Ever since I saw this one picture of the Sassi di Matera on Instagram this spring, I wanted to see them myself. I already had planned to go to Naples in the autumn and just changed the travelplans. Even that the Sassi di Matera and the Park of the Rupestrian Churches have been considered World Heritage Site by the UNESCO in 1993 and Matera will be European Capital of Culture in 2019 it was quite hard to find narrow travelguides about the city and the sassi. But every travelogue I read about the Sassi die Matera stated how the first view of the cave dwellings leaves one speechless, which actually happened – and to be honest it hasn´t got better. Even know as I´m trying to narrow down my photographs from my days in Matera I have no idea where to start. So let´s join me on my walk through the Sasso Caveoso.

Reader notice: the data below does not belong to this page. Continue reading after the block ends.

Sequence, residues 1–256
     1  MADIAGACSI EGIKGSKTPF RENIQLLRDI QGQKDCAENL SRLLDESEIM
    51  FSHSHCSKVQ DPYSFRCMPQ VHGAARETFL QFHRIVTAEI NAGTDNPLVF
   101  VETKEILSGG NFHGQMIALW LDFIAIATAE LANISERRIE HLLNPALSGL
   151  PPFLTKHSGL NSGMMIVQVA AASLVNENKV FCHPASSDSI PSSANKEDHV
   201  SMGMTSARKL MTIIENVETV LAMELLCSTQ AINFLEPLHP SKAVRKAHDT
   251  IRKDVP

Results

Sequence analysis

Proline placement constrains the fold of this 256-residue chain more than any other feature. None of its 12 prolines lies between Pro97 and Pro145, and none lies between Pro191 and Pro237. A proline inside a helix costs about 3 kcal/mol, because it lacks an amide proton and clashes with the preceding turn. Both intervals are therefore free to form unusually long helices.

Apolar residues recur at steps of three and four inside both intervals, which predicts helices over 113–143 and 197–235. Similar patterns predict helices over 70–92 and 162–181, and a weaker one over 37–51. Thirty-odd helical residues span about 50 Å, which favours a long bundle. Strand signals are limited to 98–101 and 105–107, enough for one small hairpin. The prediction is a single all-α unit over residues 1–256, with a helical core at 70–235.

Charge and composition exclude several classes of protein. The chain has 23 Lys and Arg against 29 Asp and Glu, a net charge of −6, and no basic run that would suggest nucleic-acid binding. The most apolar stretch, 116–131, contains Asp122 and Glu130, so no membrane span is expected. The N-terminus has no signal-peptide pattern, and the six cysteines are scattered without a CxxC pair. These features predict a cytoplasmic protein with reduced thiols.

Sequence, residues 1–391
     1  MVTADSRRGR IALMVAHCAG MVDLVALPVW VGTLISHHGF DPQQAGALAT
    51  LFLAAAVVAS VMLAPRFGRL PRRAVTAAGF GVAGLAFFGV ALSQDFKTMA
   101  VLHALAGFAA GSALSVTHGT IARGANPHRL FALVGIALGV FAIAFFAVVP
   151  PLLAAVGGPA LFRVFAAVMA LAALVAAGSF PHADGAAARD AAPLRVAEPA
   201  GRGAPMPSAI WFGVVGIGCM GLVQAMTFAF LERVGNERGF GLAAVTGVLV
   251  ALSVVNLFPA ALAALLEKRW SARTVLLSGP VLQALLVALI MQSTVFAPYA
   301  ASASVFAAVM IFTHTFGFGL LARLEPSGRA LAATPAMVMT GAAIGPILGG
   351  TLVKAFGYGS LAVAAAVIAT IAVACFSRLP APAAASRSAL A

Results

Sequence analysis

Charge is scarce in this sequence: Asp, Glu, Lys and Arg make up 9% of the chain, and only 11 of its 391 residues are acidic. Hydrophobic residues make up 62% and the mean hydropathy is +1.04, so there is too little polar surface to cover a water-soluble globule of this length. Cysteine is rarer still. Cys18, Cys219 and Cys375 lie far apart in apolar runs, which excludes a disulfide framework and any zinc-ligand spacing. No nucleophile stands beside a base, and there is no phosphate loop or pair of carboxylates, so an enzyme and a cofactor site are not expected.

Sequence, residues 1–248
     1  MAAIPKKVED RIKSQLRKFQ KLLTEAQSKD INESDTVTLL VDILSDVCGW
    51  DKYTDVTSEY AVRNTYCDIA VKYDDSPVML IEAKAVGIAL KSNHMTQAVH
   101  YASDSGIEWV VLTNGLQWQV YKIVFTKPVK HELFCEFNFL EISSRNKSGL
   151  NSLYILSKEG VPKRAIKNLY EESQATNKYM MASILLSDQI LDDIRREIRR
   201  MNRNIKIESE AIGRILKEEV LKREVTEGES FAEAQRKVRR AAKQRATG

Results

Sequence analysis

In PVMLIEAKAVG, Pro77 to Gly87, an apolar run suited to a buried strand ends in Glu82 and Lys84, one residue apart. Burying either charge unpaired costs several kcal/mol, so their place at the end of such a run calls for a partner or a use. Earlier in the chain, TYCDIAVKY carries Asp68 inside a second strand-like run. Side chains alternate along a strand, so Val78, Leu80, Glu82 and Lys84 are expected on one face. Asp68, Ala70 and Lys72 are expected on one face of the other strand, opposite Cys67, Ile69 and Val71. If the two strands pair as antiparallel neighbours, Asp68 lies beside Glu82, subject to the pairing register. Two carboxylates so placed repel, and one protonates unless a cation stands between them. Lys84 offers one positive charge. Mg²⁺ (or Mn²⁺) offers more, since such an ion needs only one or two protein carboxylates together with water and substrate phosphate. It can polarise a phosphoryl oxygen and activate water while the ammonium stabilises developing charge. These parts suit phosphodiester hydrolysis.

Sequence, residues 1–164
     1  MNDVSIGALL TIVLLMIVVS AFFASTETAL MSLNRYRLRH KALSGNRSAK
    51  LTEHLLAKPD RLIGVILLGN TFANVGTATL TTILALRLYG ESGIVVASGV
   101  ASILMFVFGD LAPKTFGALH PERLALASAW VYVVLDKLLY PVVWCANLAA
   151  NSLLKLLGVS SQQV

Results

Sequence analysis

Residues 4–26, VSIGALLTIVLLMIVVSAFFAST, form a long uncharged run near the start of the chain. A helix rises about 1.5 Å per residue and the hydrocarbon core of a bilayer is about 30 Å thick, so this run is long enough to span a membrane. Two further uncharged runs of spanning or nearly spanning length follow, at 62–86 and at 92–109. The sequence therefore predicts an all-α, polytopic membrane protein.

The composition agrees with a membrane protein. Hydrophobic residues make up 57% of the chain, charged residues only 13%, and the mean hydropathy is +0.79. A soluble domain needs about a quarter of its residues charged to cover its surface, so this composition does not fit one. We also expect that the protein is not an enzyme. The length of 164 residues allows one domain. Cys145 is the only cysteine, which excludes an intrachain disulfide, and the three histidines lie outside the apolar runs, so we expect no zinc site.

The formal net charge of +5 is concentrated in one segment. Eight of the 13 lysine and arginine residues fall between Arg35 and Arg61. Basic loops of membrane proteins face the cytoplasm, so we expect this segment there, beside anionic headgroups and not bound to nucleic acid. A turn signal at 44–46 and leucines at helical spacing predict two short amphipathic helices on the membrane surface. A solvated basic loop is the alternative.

The area of Matera has been settled since the Palaeolithic Age, the city itself was founded by the Romans in the 3rd century BC.
First occupied in the Paleolithic Age, the myriad natural caves were gradually burrowed deeper and expanded into living spaces by peasants and artisans throughout the classical and medieval eras…. “The Sassi are like a Swiss cheese, riddled with tunnels and caverns,” remarks Peppino Mitarotonda, an artist who works on renovations with a local cultural group, the Zétema Foundation. “What you see on the surface is only 30 percent. The other 70 percent is hidden.” (The Smithonianmag)